As God is my witness, I had already planned to write this column before Jeff dropped the news in his column, Freshly Unwrapped, that Morten Harket was scheduled to release a new album (Letter from Egypt) this week. I’m a little embarrassed that this is the first I’m hearing of this record, given that I thought I was enough of a fan to have had this pre-ordered for weeks. Damn. I’m just not the a-ha obsessive I used to be, I guess.

a-ha’s one of those bands I discovered late. Like everybody else, I paid attention to the video for “Take On Me,” and possibly not like everyone else, I actually liked “The Sun Always Shines On TVbetter than their signature song. But while my younger sister, Jenny, was thrilling to the sounds of Hunting High and Low in 1985, I just couldn’t be bothered. Actually, that’s almost certainly why I couldn’t be bothered. After all, who wants to admit that their little sister discovered something cool before they did? Still, I must’ve at least been paying a little bit of attention, since I distinctly remember seeing the video for Scoundrel Days‘ “Cry Wolf” on MTV in ’86 and thinking it to be pretty cool. It still wasn’t enough to sway me into the band’s camp, though. That wouldn’t happen until their third album, Stay On These Roads, when they contributed the title track to the 1987 James Bond flick, “The Living Daylights.” By this point, however, America couldn’t be arsed to keep up with a-ha anymore, and although the song itself proved to be a minor hit, the album most certainly was not.


Predictably, this is exactly when I came on board and decided to champion the underdog, asking, “Are you people crazy? This album is great!”

Obviously, I’d soon come to discover that it was the weakest of their three albums by a considerable margin, but as it turns out, this was the perfect time to latch onto a-ha, as they were preparing to embark on a reinvention of their sound, leaving behind the more obvious pop songs and transitioning into a more moody and melancholy sound. This, too, would fail to captivate Stateside listeners, which is why East of the Sun, West of the Moon (1990) and Memorial Beach (1993) remain seriously underrated classics, at least to my ears. It’s also why I had to spend the big import bucks to score a copy of Wild Seed, the debut solo album…well, in English, anyway…from a-ha frontman Morten Harket.

Harket had teased fans about a solo career as far back as 1993, when he contributed a cover of Frankie Valli and the Four Seasons’ “Can’t Take My Eyes Off You” to the soundtrack of “Coneheads,” and since that scored US release, there was every reason to hope that it would pique enough interest to get Wild Seed released here…until “Coneheads” flopped at the box office, that is. Between that, the disappointing sales of Memorial Beach, and the fact that the name “Morten Harket” meant neither jack nor shit to the average American, it really never had a chance of seeing the light of day in the US.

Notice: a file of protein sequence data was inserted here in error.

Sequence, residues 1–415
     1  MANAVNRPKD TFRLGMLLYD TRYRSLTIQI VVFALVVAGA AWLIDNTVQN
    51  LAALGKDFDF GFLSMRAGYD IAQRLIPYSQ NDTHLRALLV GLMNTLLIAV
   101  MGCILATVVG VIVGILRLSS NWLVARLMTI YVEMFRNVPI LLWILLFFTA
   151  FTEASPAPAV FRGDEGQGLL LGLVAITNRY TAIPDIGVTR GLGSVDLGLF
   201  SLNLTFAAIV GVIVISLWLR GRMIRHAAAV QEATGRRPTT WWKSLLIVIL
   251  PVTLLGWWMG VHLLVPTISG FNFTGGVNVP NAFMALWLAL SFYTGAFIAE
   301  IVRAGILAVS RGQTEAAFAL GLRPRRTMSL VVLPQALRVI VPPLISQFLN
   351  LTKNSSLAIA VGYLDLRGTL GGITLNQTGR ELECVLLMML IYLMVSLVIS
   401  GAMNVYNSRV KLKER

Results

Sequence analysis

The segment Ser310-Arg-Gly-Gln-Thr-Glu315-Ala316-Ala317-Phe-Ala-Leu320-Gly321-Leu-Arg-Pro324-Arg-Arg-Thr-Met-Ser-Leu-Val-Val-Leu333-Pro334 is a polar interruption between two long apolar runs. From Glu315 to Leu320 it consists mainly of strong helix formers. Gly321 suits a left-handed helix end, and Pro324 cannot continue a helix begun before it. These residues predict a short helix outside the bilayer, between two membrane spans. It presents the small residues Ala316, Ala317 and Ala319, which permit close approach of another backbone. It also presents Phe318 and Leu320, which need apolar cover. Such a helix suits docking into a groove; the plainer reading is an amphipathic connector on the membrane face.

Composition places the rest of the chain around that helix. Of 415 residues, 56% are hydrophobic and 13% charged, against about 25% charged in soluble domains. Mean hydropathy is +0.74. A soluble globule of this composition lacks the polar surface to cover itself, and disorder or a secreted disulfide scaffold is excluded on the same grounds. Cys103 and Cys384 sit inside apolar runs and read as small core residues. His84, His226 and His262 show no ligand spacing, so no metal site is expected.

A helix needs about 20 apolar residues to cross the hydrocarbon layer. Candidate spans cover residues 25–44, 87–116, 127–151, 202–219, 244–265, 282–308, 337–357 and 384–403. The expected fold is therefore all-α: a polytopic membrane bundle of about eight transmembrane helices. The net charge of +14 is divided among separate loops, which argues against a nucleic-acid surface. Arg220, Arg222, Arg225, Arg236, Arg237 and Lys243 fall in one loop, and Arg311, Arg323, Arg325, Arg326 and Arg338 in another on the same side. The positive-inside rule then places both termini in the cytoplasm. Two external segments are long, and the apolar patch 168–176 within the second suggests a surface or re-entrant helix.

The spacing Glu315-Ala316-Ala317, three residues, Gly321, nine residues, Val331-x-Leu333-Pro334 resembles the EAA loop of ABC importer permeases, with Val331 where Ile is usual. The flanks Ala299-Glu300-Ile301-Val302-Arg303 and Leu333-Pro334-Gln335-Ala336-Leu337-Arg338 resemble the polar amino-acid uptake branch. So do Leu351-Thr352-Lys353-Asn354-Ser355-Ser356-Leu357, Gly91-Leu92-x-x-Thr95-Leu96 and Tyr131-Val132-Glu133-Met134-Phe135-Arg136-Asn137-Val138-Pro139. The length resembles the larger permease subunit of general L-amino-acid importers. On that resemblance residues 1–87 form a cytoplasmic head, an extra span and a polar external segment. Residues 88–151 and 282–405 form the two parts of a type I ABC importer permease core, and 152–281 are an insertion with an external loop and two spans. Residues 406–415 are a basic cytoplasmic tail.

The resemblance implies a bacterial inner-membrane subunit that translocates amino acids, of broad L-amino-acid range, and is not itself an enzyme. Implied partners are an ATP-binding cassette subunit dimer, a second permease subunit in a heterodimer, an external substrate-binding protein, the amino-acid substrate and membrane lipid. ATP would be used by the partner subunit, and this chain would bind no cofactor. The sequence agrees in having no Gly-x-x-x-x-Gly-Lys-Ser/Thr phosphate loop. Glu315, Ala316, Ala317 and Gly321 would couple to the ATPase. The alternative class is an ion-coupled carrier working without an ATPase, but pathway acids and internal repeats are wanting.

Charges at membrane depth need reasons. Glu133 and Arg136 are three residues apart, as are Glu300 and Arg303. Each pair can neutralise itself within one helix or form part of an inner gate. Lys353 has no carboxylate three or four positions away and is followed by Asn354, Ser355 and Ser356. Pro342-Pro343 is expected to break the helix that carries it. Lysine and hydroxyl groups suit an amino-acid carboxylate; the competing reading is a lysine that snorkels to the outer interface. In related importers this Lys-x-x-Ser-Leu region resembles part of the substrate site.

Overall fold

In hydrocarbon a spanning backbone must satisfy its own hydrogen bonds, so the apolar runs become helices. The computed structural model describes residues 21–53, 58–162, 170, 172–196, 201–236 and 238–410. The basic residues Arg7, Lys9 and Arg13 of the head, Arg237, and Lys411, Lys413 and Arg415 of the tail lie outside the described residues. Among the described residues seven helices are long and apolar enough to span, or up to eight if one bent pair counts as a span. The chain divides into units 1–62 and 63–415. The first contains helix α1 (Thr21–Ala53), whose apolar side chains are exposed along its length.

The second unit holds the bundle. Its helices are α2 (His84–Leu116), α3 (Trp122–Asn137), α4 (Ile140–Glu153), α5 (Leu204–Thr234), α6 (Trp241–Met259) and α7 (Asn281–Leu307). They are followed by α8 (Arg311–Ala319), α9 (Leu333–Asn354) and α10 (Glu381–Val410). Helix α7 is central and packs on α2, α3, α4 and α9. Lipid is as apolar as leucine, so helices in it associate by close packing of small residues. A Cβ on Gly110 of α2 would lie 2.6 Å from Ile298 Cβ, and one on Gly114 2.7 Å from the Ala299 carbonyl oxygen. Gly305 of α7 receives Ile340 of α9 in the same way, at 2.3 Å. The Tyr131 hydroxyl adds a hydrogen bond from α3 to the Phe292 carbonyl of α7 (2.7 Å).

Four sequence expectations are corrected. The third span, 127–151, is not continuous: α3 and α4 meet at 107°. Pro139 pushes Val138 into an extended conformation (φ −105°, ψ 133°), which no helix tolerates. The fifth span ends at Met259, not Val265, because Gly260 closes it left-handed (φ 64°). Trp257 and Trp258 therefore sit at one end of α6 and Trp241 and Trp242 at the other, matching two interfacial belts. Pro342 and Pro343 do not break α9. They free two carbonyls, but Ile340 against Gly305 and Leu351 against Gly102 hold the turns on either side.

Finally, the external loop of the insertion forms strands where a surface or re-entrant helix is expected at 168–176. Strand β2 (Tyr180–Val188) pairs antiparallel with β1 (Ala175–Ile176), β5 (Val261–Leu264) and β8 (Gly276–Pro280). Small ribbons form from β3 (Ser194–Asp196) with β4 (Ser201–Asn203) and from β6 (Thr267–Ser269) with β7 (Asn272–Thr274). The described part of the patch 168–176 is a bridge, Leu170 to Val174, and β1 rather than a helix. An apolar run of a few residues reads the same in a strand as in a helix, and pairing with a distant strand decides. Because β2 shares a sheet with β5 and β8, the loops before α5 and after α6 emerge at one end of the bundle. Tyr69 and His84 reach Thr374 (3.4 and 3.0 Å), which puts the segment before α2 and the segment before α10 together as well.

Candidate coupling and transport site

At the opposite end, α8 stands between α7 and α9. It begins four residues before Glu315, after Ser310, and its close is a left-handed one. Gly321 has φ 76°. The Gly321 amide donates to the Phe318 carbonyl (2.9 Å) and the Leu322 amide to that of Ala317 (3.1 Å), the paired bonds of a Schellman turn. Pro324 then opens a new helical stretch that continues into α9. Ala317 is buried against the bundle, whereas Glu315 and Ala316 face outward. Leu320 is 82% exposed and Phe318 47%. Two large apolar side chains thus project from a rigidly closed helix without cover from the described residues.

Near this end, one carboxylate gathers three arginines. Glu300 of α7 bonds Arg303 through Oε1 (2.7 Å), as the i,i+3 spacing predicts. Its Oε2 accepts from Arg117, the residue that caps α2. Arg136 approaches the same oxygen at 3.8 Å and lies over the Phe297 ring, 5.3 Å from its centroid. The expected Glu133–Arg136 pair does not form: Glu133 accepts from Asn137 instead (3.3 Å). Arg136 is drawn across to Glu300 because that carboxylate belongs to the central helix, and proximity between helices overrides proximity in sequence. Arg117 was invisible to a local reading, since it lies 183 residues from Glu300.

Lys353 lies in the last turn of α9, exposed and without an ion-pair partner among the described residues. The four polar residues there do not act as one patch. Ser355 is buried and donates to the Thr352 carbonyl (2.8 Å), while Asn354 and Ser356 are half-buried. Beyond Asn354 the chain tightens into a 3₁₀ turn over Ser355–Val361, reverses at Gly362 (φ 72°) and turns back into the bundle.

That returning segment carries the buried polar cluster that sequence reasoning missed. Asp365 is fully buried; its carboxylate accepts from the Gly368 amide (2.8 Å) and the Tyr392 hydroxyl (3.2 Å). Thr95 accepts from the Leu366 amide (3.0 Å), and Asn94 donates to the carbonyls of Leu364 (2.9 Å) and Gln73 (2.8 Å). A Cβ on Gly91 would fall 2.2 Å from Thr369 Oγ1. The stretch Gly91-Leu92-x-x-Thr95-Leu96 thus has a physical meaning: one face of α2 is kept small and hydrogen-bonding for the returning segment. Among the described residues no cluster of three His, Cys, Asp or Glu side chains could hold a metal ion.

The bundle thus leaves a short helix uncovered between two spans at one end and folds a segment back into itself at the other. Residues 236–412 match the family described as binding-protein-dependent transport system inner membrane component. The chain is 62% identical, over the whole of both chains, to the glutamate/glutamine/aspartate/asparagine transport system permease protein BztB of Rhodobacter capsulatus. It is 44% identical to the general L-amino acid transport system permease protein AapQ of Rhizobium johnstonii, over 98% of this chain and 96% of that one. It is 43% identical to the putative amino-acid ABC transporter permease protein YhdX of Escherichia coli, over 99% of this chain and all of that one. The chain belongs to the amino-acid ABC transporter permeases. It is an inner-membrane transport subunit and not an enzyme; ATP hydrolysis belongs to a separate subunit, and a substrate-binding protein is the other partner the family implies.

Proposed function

Once I finally secured and spun a copy of the record for myself, I was particularly intrigued with the opening track (and first single), “A Kind of Christmas Card,” which sounded nothing like the established a-ha sound, not even the more recent version of that sound. This was definitely a guy who was stepping outside his usual sound in an attempt to show his diversity. Not that there weren’t songs on the record that could’ve passed for latter-day a-ha tracks, but the one that sounded the most overtly commercial (“Stay“) wasn’t even released as a single; instead, Harket went with other melancholy tracks like “Spanish Steps” and “Los Angeles.” And, again, it’s not like the vocals don’t immediately give the songs away as being by “the guy from a-ha,” but things are definitely way more downbeat. (“Lay Me Down Tonight” could serve as a companion piece to The Smiths’ “Asleep,” for God’s sake.)

Anyone who thought Harket was just a pretty face fronting a-ha will quickly be able to tell from Wild Seed that he had as much to do with their stylistic changes as anyone else in the band…and if you’re like me, the songs will find you wanting to run out and order his new record post-haste.

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